Wetzel Solid Waste Authority Worried About Landfill Levels

by Duane Nichols on October 21, 2013

Wetzel County Landfill Location

Wetzel County Receiving Excess of (Radioactive) Drill Cuttings

From the Article by Lauren Matthews, Wetzel Chronicle, October 9, 2013

Bill Hughes, Mark Cochran, and Terri Tyler of Wetzel County’s Solid Waste Authority approached Wetzel County Commissioners on September 24th  regarding the amount of Marcelllus drill waste that is being allowed at the Wetzel County Landfill. Furthermore, Hughes and Cochran expressed concerns over the quality of the waste, being that it might have high levels of radioactive materials.

The Wetzel County Landfill is classified as a “Class B” landfill. Hughes stated that for over 20 years the total amount of waste that the landfill could accept for disposal was legally limited to 9,999 tons per month.

Hughes stated that the West Virginia Department of Environmental Protection has released some memos which have now allowed any landfill to accept an unlimited amount of Marcellus drill waste. He stated that in July of this year, the county’s landfill took in over 25,000 tons of drill waste. Combined with the routine waste the landfill accepts, the total disposal amount brought to the landfill was over 30,000 tons that month.

On December 14, 2011, the West Virginia Legislature passed House Bill 401, the Natural Gas Horizontal Well Control Act. This act requires the disposal of drilling waste to be disposed of “in an approved solid waste facility.”

In a memo dated July 26, 2013, the WV-DEP offered two options a landfill can pursue to address “tonnage issues created by the new legislative mandate: “Class B facilities can apply to expand to a Class A facility in order to increase its monthly tonnage limit from 9,999 to 30,000 tons, or a Class A or Class B facility can construct a cell separate from the municipal solid waste cells to be dedicated solely to the disposal of drilling waste. This cell would not count toward a facility’s monthly tonnage limits. The memo from the DEP states that either of these options would allow the facilities to be eligible to exceed their monthly tonnage limits until June 1, 2014.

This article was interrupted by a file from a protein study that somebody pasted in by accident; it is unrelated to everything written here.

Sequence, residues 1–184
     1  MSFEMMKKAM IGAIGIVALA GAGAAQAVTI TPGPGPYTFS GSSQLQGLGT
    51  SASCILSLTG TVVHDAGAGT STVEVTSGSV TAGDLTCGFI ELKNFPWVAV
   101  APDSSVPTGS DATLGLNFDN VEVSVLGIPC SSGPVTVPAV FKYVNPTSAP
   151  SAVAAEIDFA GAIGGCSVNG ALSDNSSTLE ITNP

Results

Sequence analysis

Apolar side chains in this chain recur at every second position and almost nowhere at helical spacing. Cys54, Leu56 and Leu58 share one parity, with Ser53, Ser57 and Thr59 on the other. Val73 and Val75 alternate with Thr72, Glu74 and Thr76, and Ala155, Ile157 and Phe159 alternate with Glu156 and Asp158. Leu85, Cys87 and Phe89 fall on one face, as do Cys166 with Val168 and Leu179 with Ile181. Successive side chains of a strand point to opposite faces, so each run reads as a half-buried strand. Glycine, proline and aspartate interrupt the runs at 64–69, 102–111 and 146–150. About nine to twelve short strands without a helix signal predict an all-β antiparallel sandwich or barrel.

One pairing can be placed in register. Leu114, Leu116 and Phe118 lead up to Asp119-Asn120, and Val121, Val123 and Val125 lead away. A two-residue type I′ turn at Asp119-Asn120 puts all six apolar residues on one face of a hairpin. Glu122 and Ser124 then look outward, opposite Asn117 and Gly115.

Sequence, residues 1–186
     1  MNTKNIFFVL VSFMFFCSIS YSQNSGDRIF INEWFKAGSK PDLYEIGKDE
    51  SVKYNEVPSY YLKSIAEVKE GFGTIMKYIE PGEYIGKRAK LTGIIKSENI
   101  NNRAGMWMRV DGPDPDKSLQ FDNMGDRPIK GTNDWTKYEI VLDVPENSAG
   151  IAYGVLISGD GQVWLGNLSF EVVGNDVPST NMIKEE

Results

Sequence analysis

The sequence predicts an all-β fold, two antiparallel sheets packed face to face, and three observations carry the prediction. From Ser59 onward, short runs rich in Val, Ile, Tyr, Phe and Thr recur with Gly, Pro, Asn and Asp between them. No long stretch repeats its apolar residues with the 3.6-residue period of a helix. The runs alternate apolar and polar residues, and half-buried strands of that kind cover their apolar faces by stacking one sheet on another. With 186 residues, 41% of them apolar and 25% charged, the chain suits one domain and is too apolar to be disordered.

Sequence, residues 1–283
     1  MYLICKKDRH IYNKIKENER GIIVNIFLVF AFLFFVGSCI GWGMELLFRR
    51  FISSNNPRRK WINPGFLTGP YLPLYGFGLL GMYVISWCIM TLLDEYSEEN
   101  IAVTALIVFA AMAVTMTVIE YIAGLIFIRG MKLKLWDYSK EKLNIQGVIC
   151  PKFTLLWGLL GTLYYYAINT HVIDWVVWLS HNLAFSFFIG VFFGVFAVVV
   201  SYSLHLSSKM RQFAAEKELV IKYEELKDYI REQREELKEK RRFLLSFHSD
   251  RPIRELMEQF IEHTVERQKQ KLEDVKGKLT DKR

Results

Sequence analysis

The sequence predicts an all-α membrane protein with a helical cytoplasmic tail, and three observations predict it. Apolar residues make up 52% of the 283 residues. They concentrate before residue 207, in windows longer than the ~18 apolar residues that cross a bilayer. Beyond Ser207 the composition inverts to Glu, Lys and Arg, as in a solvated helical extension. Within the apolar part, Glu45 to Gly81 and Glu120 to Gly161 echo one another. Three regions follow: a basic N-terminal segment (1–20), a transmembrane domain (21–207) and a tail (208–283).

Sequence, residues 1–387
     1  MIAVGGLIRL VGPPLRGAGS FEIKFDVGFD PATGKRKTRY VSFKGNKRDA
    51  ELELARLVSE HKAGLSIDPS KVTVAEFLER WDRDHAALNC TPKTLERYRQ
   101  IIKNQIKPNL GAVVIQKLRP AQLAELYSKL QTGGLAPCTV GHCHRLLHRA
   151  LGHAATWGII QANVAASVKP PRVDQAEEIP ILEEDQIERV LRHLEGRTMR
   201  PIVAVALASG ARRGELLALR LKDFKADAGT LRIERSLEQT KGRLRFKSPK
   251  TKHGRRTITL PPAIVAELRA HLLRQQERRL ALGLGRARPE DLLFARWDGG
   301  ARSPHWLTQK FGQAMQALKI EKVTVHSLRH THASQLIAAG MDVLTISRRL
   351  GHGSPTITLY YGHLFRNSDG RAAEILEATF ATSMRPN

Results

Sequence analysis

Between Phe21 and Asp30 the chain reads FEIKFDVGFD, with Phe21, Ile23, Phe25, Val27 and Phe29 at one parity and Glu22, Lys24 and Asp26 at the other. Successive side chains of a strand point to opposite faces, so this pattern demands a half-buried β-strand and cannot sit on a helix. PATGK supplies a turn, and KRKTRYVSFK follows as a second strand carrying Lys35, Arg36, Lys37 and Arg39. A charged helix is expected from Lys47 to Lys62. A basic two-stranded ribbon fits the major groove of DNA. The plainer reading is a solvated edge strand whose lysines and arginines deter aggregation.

Cochran reported to the commission that the special cell would still be in the same hollow that the landfill is going in. “If this continues, the landfill is going to be used up at a much greater rate than we all anticipated,” he noted.

“The cell is a work in progress,” Hughes added. “This is a result of Charleston attempting to figure out, six years after drilling started, what to do with all this waste.” He added, “We have three different memos (from DEP) . . . We don’t even know if there’s more than that.”

“These memos were sent to the landfills,” Cochran added. “This doesn’t affect just us. There’s the Wheeling landfill, ours here, Clarksburg, Parkersburg, and a few others in the state that are taking drill cuttings. The first one had a tonnage limit; the second one had no limit. The third one had no limit but pushed the date further into the future. Terri (Tyler, coordinator of WCSWA) happened to be at the DEP and was given another one. We don’t know what all is out there, because the state decided not to consult with other solid waste authorities and not tell them about these ongoings, evolving arrangements to allow more tonnage. We are not sure where this is going from here.”

Hughes further explained his second concern, that the Marcellus material is radioactive. “When you are drilling down, your gamma log, gamma radiation detector, starts spiking,” said Hughes. “That’s how they know they are in the Marcellus. They want to stay in the real rich, black stuff. That’s where the money is, the gas is. When you bring this up to the surface, the radiation doesn’t stay down there. All the fluids . . . all the solids . . . bring it up.” Hughes said that West Virginia doesn’t require any radioactivity monitors at landfills. “They are required at every landfill in Pennsylvania, but not in West Virginia.”